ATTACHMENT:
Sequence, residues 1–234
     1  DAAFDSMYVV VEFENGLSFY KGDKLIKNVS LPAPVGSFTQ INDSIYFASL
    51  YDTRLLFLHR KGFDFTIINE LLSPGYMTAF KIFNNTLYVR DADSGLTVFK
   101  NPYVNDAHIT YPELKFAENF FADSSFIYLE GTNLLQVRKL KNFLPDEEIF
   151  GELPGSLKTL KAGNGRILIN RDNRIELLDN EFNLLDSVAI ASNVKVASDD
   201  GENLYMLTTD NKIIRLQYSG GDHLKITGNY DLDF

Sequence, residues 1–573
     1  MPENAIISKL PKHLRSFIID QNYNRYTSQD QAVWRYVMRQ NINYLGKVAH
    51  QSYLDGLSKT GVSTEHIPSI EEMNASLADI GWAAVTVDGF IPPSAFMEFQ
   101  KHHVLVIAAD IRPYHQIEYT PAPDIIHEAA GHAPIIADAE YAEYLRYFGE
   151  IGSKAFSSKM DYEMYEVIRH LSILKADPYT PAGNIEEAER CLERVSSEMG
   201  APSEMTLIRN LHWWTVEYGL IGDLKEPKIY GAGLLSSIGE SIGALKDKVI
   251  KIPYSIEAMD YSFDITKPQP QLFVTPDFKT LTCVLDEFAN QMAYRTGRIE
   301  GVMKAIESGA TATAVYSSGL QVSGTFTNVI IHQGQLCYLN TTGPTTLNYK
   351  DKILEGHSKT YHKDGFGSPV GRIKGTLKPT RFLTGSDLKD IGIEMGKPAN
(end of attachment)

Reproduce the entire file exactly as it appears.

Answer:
Sequence, residues 1–234
     1  DAAFDSMYVV VEFENGLSFY KGDKLIKNVS LPAPVGSFTQ INDSIYFASL
    51  YDTRLLFLHR KGFDFTIINE LLSPGYMTAF KIFNNTLYVR DADSGLTVFK
   101  NPYVNDAHIT YPELKFAENF FADSSFIYLE GTNLLQVRKL KNFLPDEEIF
   151  GELPGSLKTL KAGNGRILIN RDNRIELLDN EFNLLDSVAI ASNVKVASDD
   201  GENLYMLTTD NKIIRLQYSG GDHLKITGNY DLDF

Sequence, residues 1–573
     1  MPENAIISKL PKHLRSFIID QNYNRYTSQD QAVWRYVMRQ NINYLGKVAH
    51  QSYLDGLSKT GVSTEHIPSI EEMNASLADI GWAAVTVDGF IPPSAFMEFQ
   101  KHHVLVIAAD IRPYHQIEYT PAPDIIHEAA GHAPIIADAE YAEYLRYFGE
   151  IGSKAFSSKM DYEMYEVIRH LSILKADPYT PAGNIEEAER CLERVSSEMG
   201  APSEMTLIRN LHWWTVEYGL IGDLKEPKIY GAGLLSSIGE SIGALKDKVI
   251  KIPYSIEAMD YSFDITKPQP QLFVTPDFKT LTCVLDEFAN QMAYRTGRIE
   301  GVMKAIESGA TATAVYSSGL QVSGTFTNVI IHQGQLCYLN TTGPTTLNYK
   351  DKILEGHSKT YHKDGFGSPV GRIKGTLKPT RFLTGSDLKD IGIEMGKPAN